I know everyone is focused on the fact that 850,000 Government workers are sitting at home (my daughter for one), but know that they worked hard to get you a better Per Diem which took effect the day they were furloughed. Of course, the DoD civilians got back to work Monday and I don’t blame the SECDEF for ordering them back. The essential ones who were required to work said “wait a minute, you mean that Congress is going to pay the ones who weren’t working? What are we doing here?!” I wish they would just order them all back to work now that they are all going to get paid (eventually) for all this time off.
Anyway, back to the story from the Washington Post. Apparently, after the GSA Convention travesty, the GSA froze Per Diem for a year to figure out if they were giving too much Per Diem to certain cities, like Las Vegas. The conclusion was that no, the amounts were appropriate, but it revealed a few facts to me. First of all, is that the hotel Per Diem is based upon a 5% discount from the average market rate. No wonder it is hard to find Gov’t rates in some cities! If they don’t need the business, then why lower rates for military/ Government? Secondly, the effort by the GSA to exclude some of the higher priced, luxury hotels in order to lower Per Diem was fought vigorously by the hotel trade industry. For one, I am glad since sometimes those nicer hotels are the only ones remotely close to where I am performing duty. Yongsan in Korea is a prime example.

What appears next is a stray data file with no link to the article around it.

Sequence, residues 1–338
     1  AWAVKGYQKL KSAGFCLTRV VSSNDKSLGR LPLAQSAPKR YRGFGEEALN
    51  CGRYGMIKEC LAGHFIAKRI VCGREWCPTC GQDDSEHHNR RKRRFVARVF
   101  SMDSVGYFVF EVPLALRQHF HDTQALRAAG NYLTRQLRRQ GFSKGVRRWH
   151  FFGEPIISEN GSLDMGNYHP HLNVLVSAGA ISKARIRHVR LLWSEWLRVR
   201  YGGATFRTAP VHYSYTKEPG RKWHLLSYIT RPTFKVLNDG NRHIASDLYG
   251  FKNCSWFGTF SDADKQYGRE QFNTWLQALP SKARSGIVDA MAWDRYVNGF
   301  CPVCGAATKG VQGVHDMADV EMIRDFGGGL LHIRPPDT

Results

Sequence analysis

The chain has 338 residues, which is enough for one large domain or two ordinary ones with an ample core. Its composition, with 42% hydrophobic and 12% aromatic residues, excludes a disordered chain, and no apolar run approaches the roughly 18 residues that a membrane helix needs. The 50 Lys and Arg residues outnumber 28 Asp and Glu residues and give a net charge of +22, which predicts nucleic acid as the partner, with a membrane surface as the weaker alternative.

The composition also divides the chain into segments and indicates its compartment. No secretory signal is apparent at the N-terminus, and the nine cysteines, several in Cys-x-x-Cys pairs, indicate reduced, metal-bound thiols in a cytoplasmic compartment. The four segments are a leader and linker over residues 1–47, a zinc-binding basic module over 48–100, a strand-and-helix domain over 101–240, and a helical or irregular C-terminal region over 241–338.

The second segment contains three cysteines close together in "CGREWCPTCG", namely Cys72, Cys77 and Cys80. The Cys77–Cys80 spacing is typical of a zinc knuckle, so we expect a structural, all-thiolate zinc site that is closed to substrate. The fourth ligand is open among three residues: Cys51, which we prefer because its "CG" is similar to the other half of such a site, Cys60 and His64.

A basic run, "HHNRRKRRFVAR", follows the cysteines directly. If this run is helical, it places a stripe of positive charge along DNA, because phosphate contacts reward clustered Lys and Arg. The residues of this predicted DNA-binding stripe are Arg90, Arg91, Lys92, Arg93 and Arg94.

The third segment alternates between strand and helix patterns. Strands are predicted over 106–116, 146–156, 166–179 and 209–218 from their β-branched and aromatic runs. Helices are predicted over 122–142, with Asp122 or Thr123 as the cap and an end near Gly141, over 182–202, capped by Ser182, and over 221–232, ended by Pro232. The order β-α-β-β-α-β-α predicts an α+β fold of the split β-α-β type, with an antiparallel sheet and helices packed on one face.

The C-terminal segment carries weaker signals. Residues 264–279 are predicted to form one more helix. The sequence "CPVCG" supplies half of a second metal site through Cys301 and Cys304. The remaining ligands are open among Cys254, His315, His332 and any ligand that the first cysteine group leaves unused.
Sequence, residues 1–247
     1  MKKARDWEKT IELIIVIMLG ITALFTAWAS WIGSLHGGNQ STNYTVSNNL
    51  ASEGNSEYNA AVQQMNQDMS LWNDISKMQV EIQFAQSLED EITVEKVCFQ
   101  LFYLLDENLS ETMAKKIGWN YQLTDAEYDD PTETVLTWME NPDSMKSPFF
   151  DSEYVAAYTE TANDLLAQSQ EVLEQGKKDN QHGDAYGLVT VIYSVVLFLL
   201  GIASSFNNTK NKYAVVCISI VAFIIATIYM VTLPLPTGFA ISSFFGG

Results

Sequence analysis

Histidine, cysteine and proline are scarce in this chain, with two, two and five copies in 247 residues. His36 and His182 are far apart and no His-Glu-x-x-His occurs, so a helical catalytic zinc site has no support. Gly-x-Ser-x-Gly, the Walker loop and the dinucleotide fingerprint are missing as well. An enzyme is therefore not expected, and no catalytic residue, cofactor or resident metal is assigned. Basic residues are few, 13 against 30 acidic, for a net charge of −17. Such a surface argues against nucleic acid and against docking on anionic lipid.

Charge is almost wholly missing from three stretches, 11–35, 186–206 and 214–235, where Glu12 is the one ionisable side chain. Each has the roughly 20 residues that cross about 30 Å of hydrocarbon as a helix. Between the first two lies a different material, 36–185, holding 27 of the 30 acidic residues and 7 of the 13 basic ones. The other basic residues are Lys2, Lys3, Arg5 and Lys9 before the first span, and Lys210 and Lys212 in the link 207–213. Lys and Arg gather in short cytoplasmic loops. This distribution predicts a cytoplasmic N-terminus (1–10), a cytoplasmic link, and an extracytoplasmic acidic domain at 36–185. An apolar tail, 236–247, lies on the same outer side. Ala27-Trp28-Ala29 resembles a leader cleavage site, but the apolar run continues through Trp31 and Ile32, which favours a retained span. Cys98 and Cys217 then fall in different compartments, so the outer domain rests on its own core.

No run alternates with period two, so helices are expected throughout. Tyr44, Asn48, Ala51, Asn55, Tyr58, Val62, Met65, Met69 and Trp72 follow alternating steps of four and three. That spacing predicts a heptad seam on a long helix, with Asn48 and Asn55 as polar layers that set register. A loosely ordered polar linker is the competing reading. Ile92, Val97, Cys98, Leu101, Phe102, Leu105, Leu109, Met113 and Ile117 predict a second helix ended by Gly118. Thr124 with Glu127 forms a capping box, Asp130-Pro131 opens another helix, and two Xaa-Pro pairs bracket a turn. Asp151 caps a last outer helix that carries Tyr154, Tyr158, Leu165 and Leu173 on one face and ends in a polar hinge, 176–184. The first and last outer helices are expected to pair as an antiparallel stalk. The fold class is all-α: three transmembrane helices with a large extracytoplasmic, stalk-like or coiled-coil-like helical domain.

So the conclusion is that Per Diem will actually decrease in a few select areas such as D.C., but in general will increase. I find that the GSA Per Diem is always a little behind the times and have already experienced some difficulties as hotels raise their rates, but Per Diem stays the same. You can read the full article by Lisa Rein here.
Of course, to use the Per Diem, they have to raise the current restrictions on travel…